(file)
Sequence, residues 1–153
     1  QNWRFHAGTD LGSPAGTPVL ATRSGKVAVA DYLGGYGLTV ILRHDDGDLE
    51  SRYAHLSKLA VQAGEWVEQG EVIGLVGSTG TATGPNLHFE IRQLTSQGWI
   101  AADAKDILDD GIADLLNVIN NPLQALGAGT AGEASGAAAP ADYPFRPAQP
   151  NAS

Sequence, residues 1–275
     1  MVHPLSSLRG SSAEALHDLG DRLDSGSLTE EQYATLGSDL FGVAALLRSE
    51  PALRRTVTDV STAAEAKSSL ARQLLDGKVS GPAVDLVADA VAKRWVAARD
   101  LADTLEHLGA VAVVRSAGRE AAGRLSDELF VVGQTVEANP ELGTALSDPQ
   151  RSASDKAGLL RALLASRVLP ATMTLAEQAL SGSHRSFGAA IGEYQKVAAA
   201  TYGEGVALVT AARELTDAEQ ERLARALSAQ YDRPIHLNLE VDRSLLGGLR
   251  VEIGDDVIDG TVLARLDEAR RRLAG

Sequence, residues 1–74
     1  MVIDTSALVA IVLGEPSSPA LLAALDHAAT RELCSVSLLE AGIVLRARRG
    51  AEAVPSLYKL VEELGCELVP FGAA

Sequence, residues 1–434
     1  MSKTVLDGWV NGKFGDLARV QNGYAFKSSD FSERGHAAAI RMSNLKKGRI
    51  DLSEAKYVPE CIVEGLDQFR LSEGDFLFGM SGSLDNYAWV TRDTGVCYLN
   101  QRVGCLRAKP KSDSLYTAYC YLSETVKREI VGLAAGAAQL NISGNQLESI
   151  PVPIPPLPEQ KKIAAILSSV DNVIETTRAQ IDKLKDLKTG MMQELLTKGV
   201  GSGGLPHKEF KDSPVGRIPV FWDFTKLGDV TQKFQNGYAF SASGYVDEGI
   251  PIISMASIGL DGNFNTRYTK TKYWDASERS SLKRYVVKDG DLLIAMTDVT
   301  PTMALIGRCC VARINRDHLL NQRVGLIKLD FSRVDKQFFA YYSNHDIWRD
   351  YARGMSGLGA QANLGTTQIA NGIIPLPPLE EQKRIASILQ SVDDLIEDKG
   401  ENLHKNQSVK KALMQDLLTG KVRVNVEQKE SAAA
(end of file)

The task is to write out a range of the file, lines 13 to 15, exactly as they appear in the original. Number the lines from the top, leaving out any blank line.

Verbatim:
Sequence, residues 1–74
     1  MVIDTSALVA IVLGEPSSPA LLAALDHAAT RELCSVSLLE AGIVLRARRG
    51  AEAVPSLYKL VEELGCELVP FGAA